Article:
Posted Wednesday, June 23, 2021 9:34 AM | Contributed by Jeff
A visually impaired boy nearly had his legs severed in a freak accident on a roller coaster in Branson, Missouri on Sunday. Aalando Perry, 11, reportedly was exiting the ride when he fell below the rails and was trapped. His grandmother said both of his legs and right arm were crushed, and doctors don’t know if they will be able to save his legs.
Read more from WREG/Memphis.
That poor kid. Tragic and preventable on multiple levels. I am always sketched out by mountain coasters.
I am very curious to know the sequence of events that led to this.
There are hundreds of alpine coasters out there. This type of thing should not be possible.
This is the coaster that’s on the strip. It’s a non-traditional layout, as riders start at the top of the course by the street make their way down the hill, then it hits a lift halfway through. The poor kid got to that point and thought the ride was over and got out. It wasn’t over, the car kept moving, and he was in serious trouble.
So that makes sense. My only thing was who sends a blind kid down something like that on his own? Grandmas story is the kid came clean about his impairment at the start, and his brother was there to ride with him. But the ops were like “nah…”.
These mountain coasters are in a weird category. It’s not like an active sport, like a luge, but it’s not like a hands in the air coaster ride either. Riders have control over speed, but to a degree. To thwart collisions (which were common at first) strong magnets were mounted to the nose and the ass end of each car so they’ll repel each other. That way wrecks either don’t happen or are calmed down sufficiently.
So what’s next, and what’s the right thing to do? Increased regulations? A locking lap bar?
This is a shame.
Well, this one has brake lights, and I've ridden at least one (might have been Goats on the Roof...) that has a locking seat belt buckle...
As for the regulatory side, I know ASTM F24 has convened task groups to talk about mountain coasters; not sure if they are contemplating a new standard or just making sure they are covered in the existing standards...those meetings usually conflict with groups I am more involved with, so I haven't listened in on the mountain coaster meetings.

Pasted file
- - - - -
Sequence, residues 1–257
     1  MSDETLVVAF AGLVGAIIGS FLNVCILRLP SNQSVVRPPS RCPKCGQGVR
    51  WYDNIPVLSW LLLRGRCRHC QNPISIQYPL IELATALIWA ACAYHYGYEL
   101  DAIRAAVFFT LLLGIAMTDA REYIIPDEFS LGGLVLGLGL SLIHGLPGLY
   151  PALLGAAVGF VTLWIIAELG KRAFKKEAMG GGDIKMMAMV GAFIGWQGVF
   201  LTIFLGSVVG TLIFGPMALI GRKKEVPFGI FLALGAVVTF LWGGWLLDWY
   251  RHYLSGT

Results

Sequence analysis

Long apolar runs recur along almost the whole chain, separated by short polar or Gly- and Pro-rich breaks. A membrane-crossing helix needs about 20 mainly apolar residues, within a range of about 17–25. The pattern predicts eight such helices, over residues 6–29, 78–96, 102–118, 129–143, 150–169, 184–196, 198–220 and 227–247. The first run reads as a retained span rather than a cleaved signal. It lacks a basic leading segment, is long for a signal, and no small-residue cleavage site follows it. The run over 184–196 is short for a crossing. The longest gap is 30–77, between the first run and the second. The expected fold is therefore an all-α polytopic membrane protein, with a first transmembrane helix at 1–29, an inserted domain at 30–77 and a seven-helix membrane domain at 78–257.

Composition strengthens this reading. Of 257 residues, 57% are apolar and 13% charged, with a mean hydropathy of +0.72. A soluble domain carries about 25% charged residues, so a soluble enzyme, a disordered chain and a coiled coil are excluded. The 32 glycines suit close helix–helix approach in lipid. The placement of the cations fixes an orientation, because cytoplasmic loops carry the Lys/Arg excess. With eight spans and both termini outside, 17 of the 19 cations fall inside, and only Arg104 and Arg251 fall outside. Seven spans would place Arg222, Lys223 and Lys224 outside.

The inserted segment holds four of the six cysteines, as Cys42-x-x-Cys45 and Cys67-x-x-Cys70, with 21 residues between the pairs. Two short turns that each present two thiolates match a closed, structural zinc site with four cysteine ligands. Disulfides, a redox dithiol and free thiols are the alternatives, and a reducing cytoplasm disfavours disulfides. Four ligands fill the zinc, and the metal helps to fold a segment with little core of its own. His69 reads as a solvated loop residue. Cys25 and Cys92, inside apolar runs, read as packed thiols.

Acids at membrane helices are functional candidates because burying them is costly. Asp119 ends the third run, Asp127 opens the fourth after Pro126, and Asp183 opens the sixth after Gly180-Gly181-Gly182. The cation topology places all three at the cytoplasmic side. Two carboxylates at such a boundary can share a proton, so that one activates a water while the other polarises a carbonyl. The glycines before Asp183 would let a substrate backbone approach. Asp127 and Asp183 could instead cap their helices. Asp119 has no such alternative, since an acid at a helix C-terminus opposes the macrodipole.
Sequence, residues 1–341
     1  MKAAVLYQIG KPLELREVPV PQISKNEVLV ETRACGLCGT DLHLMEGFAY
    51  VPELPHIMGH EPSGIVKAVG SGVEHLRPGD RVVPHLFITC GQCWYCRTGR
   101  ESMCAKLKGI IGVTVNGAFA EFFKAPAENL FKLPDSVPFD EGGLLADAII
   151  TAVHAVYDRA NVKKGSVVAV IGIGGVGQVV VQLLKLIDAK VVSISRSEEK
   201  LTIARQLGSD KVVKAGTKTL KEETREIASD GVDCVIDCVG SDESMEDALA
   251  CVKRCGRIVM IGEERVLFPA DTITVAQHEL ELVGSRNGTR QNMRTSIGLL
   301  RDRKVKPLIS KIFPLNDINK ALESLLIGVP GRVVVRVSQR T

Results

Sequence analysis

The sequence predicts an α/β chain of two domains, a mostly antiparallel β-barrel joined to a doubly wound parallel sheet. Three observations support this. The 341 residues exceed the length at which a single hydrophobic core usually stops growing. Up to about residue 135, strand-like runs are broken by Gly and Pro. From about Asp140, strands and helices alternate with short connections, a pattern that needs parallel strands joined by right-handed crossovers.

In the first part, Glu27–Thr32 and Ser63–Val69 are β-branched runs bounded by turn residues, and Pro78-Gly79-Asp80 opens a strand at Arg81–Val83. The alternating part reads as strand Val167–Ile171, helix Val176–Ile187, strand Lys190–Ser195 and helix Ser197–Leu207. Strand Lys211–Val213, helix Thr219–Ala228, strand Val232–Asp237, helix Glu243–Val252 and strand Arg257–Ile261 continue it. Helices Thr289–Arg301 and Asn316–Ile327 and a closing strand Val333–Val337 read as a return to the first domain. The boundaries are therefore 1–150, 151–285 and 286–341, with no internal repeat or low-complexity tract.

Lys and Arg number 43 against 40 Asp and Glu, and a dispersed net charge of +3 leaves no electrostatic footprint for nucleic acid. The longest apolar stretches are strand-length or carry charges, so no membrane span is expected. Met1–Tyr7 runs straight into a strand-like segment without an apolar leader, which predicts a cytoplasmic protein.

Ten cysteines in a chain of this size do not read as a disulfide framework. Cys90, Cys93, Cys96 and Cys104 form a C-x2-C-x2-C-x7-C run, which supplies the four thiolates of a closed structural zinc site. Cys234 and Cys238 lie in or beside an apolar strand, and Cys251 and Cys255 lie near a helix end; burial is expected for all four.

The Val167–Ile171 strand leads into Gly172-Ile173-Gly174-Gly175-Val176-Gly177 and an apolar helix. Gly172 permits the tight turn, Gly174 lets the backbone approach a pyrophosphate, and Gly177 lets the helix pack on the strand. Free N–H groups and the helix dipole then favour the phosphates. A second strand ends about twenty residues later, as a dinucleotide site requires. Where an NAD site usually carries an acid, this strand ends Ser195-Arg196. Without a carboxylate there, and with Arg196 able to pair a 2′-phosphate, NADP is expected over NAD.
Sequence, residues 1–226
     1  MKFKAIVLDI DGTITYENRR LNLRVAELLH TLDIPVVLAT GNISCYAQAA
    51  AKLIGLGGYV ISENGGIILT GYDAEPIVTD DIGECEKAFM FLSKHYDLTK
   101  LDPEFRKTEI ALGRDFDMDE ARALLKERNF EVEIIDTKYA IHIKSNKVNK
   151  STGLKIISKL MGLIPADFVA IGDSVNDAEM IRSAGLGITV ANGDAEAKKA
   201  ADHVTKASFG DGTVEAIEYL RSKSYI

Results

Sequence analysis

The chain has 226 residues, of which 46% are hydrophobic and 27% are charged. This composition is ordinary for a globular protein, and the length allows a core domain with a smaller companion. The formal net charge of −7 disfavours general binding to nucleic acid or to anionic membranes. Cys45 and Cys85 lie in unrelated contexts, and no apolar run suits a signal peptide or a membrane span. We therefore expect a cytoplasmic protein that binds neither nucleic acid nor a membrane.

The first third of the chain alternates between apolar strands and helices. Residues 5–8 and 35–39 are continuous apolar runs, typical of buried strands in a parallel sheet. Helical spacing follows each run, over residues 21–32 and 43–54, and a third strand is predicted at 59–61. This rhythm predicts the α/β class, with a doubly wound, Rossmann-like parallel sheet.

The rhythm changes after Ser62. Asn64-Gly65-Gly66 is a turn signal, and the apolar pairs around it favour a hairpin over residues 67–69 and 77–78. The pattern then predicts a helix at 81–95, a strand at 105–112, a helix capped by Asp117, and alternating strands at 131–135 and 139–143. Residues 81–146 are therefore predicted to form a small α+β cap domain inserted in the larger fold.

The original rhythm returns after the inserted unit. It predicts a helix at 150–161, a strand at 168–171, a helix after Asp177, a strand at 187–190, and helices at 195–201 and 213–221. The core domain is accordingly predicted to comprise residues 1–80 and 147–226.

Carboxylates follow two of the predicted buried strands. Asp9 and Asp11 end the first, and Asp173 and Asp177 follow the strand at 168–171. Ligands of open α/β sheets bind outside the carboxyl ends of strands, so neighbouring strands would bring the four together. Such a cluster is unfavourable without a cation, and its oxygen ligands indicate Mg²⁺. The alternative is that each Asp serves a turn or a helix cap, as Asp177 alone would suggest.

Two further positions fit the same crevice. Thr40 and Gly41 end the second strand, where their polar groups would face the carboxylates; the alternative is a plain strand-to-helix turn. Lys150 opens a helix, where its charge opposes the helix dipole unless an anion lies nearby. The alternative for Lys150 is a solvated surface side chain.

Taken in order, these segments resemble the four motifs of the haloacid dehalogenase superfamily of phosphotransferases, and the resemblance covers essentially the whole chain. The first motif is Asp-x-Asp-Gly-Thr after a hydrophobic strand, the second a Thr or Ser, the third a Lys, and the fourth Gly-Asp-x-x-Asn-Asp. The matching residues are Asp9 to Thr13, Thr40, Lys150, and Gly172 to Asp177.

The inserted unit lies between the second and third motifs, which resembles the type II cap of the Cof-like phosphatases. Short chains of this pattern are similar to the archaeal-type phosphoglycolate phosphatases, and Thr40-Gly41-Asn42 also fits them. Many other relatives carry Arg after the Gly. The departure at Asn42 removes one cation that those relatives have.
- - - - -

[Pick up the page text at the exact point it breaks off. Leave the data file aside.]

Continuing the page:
--Dave Althoff, Jr.
/X\ _ *** Respect rides. They do not respect you. ***
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My only thing was who sends a blind kid down something like that on his own?
They may not have known they were sending a blind kid. In the interview the grandmother kept using the term "visually impaired" and I don't know if that is the new term for blind but if I heard someone say that, my first thought isn't blind but rather someone who just had bad vision.
“Visually impaired” is not a new term. It’s usage is preferred as it includes the varying degrees and categories of blindness.
He has Marfan’s disease, which is inherited. It’s progressive and affects connective tissue throughout the body, so blood vessels and eyes are some things that are at risk.
She stated her grandson has “just 15% vision in one of his eyes.” I’d assume the other one is shot as he’s learning Braille and mobility using a cane. His brother was there as an escort, but the two allegedly relied on the advice of a ride op who said they could (should?) ride separately. I feel that’s going to be where the heart of the case lies. Any of us who have been on a mountain coaster know that double riders are permitted. Grandma claims they were refused. There’s a missing part of the story here, but the boy’s blindness isn’t it.
At any rate, any responsible operator always errs on the side of caution, and once a disability is identified proper safety measures go into place, no question. I’d think good vision would be essential for safe operation- the rider controls the speed from mild to wild and must be able to assess the surroundings in spite of back up safety devices on the sled.
And whatever happened, the tragedy lies in the fact that the boy was losing his eyesight and now will have to do without limbs as well.
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